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Diversification and biogeography of bivalves during the Ordovician Period

John C. W. Cope
John C. W. Cope
Department of Earth Sciences, Cardiff University, PO Box 914, Cardiff CF10 3YE, UK (e-mail: )
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January 01, 2002


Bivalves have a wide distribution in the Lower and to a lesser extent Middle Cambrian rocks, but they have not yet been certainly identified in the Upper Cambrian. Recent discoveries have significantly increased our knowledge of Lower Ordovician bivalve faunas and their explosive radiation from the Early Ordovician apparently coincides with the evolution of the feeding gill. Early Ordovician faunas were confined to the siliciclastic facies of Gondwanan shelf seas; most genera were clearly latitudinally constrained, but others apparently migrated over wide latitudes. By the Mid-Ordovician, bivalves had begun to escape the confines of Gondwana and marked latitudinal differences in the composition of the faunas became apparent, with pteriomorphians showing clear preference for low latitudes, whilst heteroconchs clearly preferred median to high latitudes; surprisingly, nuculoids were both most diverse in terms of species and most abundant as a percentage of individuals within the bivalve populations at low latitudes. It was in the Late Ordovician that bivalves colonized the low-latitude carbonate platforms of Laurentia and Baltica, leading to a second major diversification particularly within the pteriomorphian bivalves, which developed semi-infaunal and epifaunal habits; they became the dominant low-latitude bivalve group. The latest-Ordovician eustatic regression which exposed the low-latitude carbonate platforms resulted in a major reduction in the epifaunal and semi-infaunal bivalves involving extinction of many genera, including the only Ordovician boring bivalves.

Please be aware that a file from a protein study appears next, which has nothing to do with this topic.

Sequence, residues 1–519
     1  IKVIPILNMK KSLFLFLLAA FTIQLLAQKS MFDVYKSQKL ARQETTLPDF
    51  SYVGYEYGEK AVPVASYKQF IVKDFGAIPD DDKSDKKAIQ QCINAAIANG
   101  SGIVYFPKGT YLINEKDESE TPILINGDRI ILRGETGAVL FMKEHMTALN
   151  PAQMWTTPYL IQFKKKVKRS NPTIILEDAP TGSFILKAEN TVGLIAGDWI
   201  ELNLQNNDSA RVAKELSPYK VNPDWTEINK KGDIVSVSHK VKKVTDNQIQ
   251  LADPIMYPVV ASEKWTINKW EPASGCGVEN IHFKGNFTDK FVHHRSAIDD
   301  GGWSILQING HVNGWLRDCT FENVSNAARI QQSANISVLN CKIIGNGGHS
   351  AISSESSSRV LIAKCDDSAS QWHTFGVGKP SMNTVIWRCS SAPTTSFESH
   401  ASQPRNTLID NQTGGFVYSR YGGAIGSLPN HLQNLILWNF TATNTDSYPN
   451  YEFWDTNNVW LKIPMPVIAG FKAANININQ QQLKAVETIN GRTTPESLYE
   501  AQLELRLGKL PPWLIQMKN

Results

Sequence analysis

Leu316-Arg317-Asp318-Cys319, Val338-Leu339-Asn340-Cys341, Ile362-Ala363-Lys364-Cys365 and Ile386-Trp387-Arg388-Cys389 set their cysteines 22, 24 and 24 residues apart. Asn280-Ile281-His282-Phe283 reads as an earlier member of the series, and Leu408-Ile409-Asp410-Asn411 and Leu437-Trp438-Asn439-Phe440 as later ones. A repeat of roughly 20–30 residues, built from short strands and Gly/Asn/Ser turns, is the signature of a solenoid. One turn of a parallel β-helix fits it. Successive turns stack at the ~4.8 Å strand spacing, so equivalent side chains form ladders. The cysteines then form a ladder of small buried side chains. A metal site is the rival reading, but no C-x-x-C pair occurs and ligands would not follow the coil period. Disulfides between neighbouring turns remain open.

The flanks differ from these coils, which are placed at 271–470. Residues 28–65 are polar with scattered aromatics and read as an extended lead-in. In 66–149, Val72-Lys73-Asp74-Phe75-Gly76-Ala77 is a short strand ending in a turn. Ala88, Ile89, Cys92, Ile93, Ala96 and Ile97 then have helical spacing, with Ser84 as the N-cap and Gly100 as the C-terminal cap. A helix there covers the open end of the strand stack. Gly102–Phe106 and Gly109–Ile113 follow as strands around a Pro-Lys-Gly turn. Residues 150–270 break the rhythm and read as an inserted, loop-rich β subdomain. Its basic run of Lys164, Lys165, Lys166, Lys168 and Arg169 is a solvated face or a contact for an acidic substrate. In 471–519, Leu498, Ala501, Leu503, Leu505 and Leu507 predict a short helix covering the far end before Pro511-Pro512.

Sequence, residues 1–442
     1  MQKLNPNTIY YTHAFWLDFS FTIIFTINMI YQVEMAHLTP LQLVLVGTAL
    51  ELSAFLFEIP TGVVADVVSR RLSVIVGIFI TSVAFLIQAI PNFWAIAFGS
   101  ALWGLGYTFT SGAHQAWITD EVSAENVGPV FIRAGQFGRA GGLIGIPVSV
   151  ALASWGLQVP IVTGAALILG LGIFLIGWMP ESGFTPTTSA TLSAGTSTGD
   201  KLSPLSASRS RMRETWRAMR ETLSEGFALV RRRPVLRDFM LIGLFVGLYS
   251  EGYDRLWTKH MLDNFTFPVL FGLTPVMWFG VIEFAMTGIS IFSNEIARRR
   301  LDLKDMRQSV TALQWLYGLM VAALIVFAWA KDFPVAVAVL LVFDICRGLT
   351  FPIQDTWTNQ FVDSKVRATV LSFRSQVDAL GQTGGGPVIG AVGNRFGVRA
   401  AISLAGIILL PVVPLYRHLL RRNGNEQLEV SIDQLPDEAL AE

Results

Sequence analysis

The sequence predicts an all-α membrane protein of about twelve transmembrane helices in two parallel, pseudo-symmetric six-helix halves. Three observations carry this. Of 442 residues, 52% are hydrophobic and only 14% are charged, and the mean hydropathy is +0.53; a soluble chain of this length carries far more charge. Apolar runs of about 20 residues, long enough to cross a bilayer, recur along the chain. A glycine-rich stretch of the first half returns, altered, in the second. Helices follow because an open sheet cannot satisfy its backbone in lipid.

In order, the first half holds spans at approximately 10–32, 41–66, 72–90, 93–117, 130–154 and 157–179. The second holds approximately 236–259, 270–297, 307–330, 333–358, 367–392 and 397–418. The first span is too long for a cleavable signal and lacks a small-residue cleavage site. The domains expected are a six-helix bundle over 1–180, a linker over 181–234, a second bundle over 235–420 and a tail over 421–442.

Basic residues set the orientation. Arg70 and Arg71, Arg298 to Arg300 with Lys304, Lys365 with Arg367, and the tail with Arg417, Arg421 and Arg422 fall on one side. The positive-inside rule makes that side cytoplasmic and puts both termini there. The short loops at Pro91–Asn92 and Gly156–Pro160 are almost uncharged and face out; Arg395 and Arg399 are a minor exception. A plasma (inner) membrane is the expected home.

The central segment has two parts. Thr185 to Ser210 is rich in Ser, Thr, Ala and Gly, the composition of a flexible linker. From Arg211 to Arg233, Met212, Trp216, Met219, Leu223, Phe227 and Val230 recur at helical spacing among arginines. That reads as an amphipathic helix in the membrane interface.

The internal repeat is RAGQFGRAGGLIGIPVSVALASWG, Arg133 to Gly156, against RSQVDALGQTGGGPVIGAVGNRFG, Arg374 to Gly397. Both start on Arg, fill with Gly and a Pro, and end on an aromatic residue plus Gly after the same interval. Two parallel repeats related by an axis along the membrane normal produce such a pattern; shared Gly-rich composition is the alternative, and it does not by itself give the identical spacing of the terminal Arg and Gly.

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Geological Society, London, Special Publications

Palaeobiogeography and Biodiversity Change: the Ordovician and Mesozoic–Cenozoic Radiations

J. A. Crame
J. A. Crame
British Antarctic Survey, Cambridge, UK
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A. W. Owen
A. W. Owen
University of Glasgow, UK
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Geological Society of London
ISBN electronic:
Publication date:
January 01, 2002




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